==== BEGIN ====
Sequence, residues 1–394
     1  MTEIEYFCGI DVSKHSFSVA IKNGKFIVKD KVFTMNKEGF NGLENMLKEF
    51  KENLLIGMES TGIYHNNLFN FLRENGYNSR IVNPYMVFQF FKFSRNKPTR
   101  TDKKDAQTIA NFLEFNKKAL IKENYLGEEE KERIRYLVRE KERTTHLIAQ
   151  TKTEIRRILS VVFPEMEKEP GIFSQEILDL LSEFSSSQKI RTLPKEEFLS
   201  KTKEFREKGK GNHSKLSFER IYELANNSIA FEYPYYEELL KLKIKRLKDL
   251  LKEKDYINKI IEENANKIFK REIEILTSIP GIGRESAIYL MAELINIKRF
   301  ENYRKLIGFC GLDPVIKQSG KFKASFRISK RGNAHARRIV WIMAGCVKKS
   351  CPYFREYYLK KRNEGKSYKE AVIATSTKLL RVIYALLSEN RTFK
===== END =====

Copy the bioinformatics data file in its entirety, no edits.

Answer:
Sequence, residues 1–394
     1  MTEIEYFCGI DVSKHSFSVA IKNGKFIVKD KVFTMNKEGF NGLENMLKEF
    51  KENLLIGMES TGIYHNNLFN FLRENGYNSR IVNPYMVFQF FKFSRNKPTR
   101  TDKKDAQTIA NFLEFNKKAL IKENYLGEEE KERIRYLVRE KERTTHLIAQ
   151  TKTEIRRILS VVFPEMEKEP GIFSQEILDL LSEFSSSQKI RTLPKEEFLS
   201  KTKEFREKGK GNHSKLSFER IYELANNSIA FEYPYYEELL KLKIKRLKDL
   251  LKEKDYINKI IEENANKIFK REIEILTSIP GIGRESAIYL MAELINIKRF
   301  ENYRKLIGFC GLDPVIKQSG KFKASFRISK RGNAHARRIV WIMAGCVKKS
   351  CPYFREYYLK KRNEGKSYKE AVIATSTKLL RVIYALLSEN RTFK